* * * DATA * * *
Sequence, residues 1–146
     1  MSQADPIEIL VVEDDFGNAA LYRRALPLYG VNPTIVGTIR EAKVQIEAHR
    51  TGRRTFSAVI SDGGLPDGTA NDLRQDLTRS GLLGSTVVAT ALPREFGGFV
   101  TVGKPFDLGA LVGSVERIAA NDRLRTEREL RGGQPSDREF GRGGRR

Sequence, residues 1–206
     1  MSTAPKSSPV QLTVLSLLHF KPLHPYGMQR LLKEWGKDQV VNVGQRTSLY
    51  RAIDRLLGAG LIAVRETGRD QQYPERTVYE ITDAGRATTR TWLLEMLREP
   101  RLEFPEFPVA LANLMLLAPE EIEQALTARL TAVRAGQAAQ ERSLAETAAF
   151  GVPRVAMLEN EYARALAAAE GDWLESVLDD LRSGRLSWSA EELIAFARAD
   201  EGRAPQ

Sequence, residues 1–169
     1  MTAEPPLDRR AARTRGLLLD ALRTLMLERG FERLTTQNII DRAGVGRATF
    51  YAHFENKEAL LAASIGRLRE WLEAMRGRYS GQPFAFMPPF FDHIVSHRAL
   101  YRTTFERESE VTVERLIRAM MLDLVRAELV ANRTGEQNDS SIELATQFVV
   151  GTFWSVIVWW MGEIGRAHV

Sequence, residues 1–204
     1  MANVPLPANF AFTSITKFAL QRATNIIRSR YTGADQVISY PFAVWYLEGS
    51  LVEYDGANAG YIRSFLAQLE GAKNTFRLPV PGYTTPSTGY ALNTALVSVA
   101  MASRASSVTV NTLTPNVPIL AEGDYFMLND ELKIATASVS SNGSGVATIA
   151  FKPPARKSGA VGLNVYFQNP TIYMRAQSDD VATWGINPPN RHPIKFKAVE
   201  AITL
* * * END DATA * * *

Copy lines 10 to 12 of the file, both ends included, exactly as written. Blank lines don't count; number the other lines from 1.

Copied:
   201  EGRAPQ

Sequence, residues 1–169
     1  MTAEPPLDRR AARTRGLLLD ALRTLMLERG FERLTTQNII DRAGVGRATF